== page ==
Dear Carolyn: Two friends have recently expressed bigoted views, and I have been left devastated and confused. These people have been truly great and supportive friends, and we’ve been through a lot when it comes to raising our kids.
But their newly stated views go against my core values. At the very center of who I am is a rejection of the type of divisive, negative stereotypes they clearly believe in. I expressed my own views to them, and we had a spirited, difficult discussion. They’re OK with the result, but I’m left feeling like a hypocrite: If I agree to disagree and continue the same level of friendship, I’m being friendly with people whose opinions hurt so many and go against the core of who I am and want to be.
But if I cool the friendship, am I being just as intolerant, because I’m setting aside all the good they do and have done? How do I decide whether to stay or walk away?
It’s not “new colors,” it’s “true colors.”
And let’s get this out of the way upfront: Tolerance is about accepting as valid views that differ from yours. Bigotry is not valid. We do not have the moral luxury of practicing it, defending it, condoning it, normalizing it, or treating it as the aw-gee-bummer downside of a friend who is otherwise! so! great!
That has always been true; some of us merely got busted recently for our complacency in thinking this was a near-universal value, so thank you for bringing your issue up now.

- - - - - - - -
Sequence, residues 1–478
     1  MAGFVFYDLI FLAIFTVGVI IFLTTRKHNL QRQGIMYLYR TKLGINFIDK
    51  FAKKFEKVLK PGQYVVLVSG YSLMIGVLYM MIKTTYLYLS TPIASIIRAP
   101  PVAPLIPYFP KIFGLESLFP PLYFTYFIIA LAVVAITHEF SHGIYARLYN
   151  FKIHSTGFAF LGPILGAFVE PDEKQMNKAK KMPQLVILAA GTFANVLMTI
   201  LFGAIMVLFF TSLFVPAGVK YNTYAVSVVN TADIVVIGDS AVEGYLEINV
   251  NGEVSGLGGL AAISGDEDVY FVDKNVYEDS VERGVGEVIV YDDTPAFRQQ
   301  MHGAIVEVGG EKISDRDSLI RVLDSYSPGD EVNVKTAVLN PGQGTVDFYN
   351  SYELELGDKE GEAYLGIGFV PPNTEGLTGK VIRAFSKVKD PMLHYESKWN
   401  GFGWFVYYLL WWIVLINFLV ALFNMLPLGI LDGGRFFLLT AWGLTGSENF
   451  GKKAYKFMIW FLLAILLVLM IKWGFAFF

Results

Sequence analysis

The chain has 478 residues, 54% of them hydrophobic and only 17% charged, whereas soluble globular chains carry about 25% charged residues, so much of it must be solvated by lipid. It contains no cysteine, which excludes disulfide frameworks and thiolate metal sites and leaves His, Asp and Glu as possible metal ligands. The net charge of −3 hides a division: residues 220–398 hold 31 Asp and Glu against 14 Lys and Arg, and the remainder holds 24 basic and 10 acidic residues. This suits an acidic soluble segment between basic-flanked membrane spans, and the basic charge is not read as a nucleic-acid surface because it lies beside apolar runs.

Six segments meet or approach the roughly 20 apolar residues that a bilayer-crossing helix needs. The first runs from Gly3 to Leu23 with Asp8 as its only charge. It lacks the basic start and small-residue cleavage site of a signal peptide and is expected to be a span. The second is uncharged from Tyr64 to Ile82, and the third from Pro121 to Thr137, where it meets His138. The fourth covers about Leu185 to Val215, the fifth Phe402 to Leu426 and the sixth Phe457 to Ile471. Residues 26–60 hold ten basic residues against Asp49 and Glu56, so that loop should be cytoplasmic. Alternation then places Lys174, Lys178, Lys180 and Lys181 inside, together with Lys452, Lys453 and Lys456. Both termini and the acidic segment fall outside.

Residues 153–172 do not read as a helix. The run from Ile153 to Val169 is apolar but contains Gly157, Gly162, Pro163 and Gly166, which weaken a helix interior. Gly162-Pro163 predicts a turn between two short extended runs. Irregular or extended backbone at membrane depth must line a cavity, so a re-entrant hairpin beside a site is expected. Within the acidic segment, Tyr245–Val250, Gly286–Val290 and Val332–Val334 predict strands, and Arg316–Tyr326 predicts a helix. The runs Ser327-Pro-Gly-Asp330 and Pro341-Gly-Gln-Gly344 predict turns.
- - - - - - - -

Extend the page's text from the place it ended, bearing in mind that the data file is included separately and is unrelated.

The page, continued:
And because I’m seeing your letter today as opposed to, say, a year ago, here is my answer: Still torn? Then engage. Do not drop these friends.
If anyone drops anyone, let them drop you for being their loving, gracious, kind, calm, patient, relentless and absolutely fierce reminder that treating one variety of person as better or worse than others by accident of birth is morally indefensible.
“That’s a stereotype, and unfair.”
“I find that offensive.”
“These are human beings you’re talking about.”
“Would you say that to a (demographic adjective here) person’s face?”
“You just put hundreds/thousands/millions of people in one box.”
“We’re all individuals, not spokespeople for our color/gender/faith/place of birth/ancestry/politics/education level.”
“Isn’t putting people down just a way of praising ourselves?”
“How would you feel if someone said that about you?”
Have your resistance ready and do not flinch — or flare — when it’s time to use it.
If you find you just don’t like these friends anymore then, OK, be done. But as long as you’re torn enough to sustain some interest in remaining friends, then let them — again, kindly, gently, lovingly — be the ones to choose to stop seeing you because you won’t confirm their biases. Let them actively opt out, if that’s their priority; let them live with that. Your dropping them is their easy way out.
Consider not limiting your efforts to these friends. This isn’t to say your commitment to equality is lacking — for all I know you’re an exemplary walker of the walk. If some self-examination reveals that you aren’t, however, then this crisis with your friends can be a useful pants-kick toward broader, deeper action in service of what you believe.
Email Carolyn at firstname.lastname@example.org.